It was a missed opportunity, not only for the points remaining on the table, but for the chill it could have created in Miami’s ultra-aggressive defenders. Instead of hesitating a step following a 28-yard touchdown from Jackson to Watkins, they got bolder as the game progressed.

“It slows down the blitz defense, and it causes the safeties to stay back, the corners to stay back, and it just lets us do our thing,” Jackson said of the connection on a first pitch to down, like he almost did in the loss to the Dolphins. “Underneath we could have runs here, get passes under here. And if they come up, we throw the ball over again.

Instead of continuing that positive chain reaction, the Ravens resorted to a series of ineffective control throws and transfers on first and second downs. Miami’s blitzes choked out Jackson the jammer in addition to Jackson the setter. When the Ravens called plays that could have worked, their execution often fell short. Jackson threw low or behind receivers. He rushed plays that required him to set up a defender. Saves missed blocking assignments. The pass catchers dropped balls and did not adjust their routes to provide better targets. Jackson found some momentum in the fourth quarter, but by then it was too late.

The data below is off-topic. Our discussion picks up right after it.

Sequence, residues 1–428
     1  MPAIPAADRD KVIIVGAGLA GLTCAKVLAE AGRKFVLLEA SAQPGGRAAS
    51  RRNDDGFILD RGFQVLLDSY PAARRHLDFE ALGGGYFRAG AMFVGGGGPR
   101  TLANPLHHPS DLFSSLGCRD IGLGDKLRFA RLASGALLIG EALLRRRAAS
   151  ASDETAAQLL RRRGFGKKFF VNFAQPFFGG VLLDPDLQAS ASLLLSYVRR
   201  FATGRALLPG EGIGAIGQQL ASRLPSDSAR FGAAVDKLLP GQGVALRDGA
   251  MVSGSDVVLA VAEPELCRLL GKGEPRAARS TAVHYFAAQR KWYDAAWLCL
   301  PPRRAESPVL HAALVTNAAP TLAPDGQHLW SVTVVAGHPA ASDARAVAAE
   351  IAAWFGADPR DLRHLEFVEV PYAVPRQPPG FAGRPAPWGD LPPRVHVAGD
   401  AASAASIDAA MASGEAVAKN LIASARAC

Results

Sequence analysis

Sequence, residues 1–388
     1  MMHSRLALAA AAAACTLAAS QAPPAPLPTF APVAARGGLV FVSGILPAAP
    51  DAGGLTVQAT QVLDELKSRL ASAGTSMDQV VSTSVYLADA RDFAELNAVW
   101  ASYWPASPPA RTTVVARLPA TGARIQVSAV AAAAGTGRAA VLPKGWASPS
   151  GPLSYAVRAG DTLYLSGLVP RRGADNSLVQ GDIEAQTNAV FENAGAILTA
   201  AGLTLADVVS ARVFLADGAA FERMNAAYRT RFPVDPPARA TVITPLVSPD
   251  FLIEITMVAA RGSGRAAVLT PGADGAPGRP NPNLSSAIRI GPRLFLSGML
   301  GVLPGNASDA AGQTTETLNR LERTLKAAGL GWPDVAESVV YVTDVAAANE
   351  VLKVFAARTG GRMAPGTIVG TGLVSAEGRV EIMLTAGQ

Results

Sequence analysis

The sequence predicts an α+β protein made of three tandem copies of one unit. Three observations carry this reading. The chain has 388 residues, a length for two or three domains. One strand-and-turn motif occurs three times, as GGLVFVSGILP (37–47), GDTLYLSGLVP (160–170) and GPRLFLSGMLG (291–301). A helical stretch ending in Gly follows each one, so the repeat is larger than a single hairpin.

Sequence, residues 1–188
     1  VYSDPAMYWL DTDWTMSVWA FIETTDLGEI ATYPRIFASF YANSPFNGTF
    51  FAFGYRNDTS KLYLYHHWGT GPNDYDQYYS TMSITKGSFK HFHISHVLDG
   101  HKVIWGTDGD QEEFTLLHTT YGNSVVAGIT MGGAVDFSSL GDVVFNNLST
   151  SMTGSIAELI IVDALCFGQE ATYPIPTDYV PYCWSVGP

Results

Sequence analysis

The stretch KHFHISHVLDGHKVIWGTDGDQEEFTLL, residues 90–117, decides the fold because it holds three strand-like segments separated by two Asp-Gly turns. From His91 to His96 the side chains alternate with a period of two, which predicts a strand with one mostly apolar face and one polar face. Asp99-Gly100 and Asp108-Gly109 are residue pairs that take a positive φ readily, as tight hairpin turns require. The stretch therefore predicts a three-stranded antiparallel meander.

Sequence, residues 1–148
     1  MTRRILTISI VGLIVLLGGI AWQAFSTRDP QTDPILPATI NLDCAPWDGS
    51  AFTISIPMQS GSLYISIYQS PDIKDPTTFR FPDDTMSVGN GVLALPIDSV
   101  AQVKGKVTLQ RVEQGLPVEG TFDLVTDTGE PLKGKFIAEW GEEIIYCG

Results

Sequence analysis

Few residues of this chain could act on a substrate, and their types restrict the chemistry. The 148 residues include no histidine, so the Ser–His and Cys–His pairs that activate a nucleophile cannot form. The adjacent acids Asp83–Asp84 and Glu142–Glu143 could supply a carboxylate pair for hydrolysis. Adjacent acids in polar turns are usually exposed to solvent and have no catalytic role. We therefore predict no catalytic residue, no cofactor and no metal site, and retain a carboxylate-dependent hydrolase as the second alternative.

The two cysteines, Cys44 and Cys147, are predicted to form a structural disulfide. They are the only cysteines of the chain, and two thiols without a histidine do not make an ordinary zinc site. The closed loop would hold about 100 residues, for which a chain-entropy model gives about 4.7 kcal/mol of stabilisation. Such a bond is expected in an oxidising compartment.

“It was definitely an area where there were a lot of things we could have done better – coaching, playing, whatever,” offensive coordinator Greg Roman said. “But it’s something you have to look at with a cold-blooded mentality. You can’t be emotional about it. You have to look at it strategically and fundamentally and figure out how you can fix some things, better explain some things, how to practice things a little better.

The Ravens know they need to hit some big shots in the rematch, just like they did in Week 1 when their offense gained a foothold in the third quarter against the New York Jets. A 17-yard touchdown pass from Jackson to Devin Duvernay gave them the decisive lead, and a 55-yard connection with Rashod Bateman put the game aside.

Those exact plays might not work against Miami, Harbaugh said, but the Ravens will have to find other ways to achieve similar results.

“It definitely builds confidence,” he said. “You would like to hurt them in this way. That’s the idea, hurt them any way you can, and we’ll have different ideas of how to do that, and I’m sure they’ll prepare for those things as well.

Slow-developing routes might not be the ticket. Receivers will need to separate quickly, a challenge that Bateman, who is known for his sharp exits from the line of scrimmage, relishes. “It’s just having a plan and knowing what you’re doing,” he said. “Just play fast.”

He was the team’s most productive receiver in Miami last season, catching six passes on eight targets for 80 yards.

Roman noted that the Dolphins are just as capable of patient play as they are attacking. Numerous times in last year’s game they showed Cover 0, only to drop two defenders in cover to scramble midfield.

“But if they want to roll the dice to get everybody on their feet,” he said, “you have to hit them.”


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In rematch with Dolphins, Ravens and Lamar Jackson seek new blitz answers – The Denver Post